- Privacy: And what about the information/data trail that your child is leaving? All posts and interactions build up a “digital footprint.” Does your child understand the larger issues of digital identity?
Getting Ready: Cell Phone Training Wheels
Teach them some basic phone etiquette.
Before they get their own phone, make sure they know how to answer a phone, make a call, and leave a message politely. You would do this with a “regular” phone too, and a cell phone is no different. Model good boundaries for texting, too. Remind kids: Just because you send a text message doesn’t mean that the recipient is immediately available, or can drop everything to respond!
Develop boundaries, and share them with peers.
Work with your child to set some boundaries on when to text (time of day, not during school, etc.) and then how to let peers know their boundaries. For example, letting friends know, “I don’t group text,” or “I can’t respond to texts after 9 pm.” is helpful. Sharing these boundaries reduces their connectivity anxiety.
Start small, and give them some initial guidance.
Texting and social media open up a whole additional set of challenges and competencies. For kids getting phones before the minimum recommended age for many social apps, let them start experimenting with texting and group texting, under some light supervision. Once you see them successfully navigating these waters, then they may be ready to add a social app but that is a decision you want to make with care.
Open the Discussion: Get Curious!
Texting, in particular, is an important part of kids’ social sphere, and they need to learn the conventions and expectations. In my experience working with kids, they are often eager to have a space to discuss the challenges that texting can bring. Here are some questions to ask your child about texting.
- What is fun—and not fun—about group texting?
- Have any of your friends ever texted too much or too many times?
- What should you do if you text someone and he doesn’t text back right away?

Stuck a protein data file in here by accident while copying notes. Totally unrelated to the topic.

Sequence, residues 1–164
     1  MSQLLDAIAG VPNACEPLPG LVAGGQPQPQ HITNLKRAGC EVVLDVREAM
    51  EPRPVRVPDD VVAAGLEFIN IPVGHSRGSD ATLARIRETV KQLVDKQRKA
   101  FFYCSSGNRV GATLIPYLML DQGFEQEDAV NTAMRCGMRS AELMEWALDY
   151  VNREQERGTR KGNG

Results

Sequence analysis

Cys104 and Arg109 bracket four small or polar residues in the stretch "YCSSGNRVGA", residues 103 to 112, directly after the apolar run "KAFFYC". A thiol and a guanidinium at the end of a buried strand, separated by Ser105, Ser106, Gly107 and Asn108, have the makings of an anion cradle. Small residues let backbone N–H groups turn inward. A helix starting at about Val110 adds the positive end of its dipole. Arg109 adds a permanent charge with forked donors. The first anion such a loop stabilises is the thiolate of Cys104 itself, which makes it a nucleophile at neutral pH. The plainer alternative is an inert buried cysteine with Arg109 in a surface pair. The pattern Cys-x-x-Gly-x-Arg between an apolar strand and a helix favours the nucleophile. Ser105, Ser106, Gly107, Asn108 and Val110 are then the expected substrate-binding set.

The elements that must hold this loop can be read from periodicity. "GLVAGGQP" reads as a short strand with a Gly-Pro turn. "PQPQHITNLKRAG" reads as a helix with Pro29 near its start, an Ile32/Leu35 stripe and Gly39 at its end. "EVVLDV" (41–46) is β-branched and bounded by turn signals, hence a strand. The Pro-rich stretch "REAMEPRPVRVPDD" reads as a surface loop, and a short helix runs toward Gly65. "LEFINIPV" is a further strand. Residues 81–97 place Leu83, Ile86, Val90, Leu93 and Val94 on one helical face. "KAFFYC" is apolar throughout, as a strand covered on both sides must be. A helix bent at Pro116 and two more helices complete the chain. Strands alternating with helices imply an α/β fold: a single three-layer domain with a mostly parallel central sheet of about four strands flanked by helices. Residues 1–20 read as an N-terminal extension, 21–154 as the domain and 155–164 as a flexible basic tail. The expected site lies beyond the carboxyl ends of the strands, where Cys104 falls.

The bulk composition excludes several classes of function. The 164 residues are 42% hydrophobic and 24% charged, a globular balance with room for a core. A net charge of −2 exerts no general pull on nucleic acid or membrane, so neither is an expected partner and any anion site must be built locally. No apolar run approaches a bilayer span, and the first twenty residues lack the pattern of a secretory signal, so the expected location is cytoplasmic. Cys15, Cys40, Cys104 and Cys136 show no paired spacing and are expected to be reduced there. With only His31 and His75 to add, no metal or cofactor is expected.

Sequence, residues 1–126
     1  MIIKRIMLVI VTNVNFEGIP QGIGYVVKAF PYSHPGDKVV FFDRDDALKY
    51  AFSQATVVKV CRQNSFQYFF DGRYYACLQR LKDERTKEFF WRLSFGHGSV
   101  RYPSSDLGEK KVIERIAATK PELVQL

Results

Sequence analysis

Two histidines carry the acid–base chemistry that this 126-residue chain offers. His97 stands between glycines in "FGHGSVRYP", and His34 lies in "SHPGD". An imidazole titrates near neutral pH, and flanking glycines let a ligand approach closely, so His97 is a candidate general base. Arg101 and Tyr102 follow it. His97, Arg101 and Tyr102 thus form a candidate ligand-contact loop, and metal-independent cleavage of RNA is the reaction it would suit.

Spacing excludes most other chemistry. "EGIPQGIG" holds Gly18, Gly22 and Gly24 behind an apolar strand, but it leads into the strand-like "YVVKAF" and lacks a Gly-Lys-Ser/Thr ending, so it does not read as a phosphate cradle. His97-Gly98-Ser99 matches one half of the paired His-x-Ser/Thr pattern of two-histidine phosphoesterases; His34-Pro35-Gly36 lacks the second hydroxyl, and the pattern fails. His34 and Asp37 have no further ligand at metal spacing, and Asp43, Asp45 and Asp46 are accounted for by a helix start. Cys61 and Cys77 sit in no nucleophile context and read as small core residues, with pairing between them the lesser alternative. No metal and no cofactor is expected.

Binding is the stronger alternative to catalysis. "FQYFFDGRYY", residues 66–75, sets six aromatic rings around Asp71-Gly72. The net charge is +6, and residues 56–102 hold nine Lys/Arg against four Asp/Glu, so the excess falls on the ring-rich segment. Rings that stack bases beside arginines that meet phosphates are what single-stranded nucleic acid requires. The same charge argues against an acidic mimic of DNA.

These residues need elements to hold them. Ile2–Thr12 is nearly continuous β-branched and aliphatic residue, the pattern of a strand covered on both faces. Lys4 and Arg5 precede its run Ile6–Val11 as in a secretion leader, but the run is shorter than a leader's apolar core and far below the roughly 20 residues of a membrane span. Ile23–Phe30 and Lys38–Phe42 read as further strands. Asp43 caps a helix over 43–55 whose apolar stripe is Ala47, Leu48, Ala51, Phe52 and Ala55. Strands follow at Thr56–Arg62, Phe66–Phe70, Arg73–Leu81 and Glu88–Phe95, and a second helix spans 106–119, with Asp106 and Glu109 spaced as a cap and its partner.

- Have any of your friends ever showed your texts to someone else?
Try to be calm and nonreactive, and let your child describe his experiences with communicating with friends. As much as possible, refrain from quick judgement. This is an opportunity to teach them good life skills in general. Owning up to your errors, apologizing sincerely, and re-stablishing the bond with a friend is the best way to move past many issues. And of course, learning how to avoid such a misstep in the future.
Your own experiences with navigating relationships can be so helpful to your child. Remember that you have wisdom…and try not to panic when things go wrong in your child’s digital world. Some challenges are inevitable and learning to deal with them is part of growing up in the digital age.
Help Me Get Ready For My Child’s First Cell Phone
When you put all these together, it’s easy to see why this is such a source of stress for families. Do you wish there was a course on this? After years of research and talking with families, I’ve created a Phonewise Bootcamp for Parents to help parents get ready for this milestone. This online class is self-paced, and chock full of videos, interactive exercises and more. The class is perfect for parents who are considering getting their child a phone soon, or are in the first year with a phone and want to decrease conflicts and improve family communication about the phone.
Want to know more about this course? You can see a preview here.
(Click the link below for more information or to register for course.)
This course will cover:
- Assessing your family’s current digital situation
- Planning and organizing your physical space at home to maximize positive outcomes
- Common digital citizenship challenges for new smartphone users
- What social skills kids need to be successful with their phones and more.
- Planning for boundaries around when your child will have access to the device
Devorah Heitner is the author of Screenwise: Helping Kids Thrive (and Survive) in Their Digital World and the founder of Raising Digital Natives.
Photo credit: “Day 181: Serious” by David Mulder is licensed under CC BY 2.0. Changed from original: Added text overlays.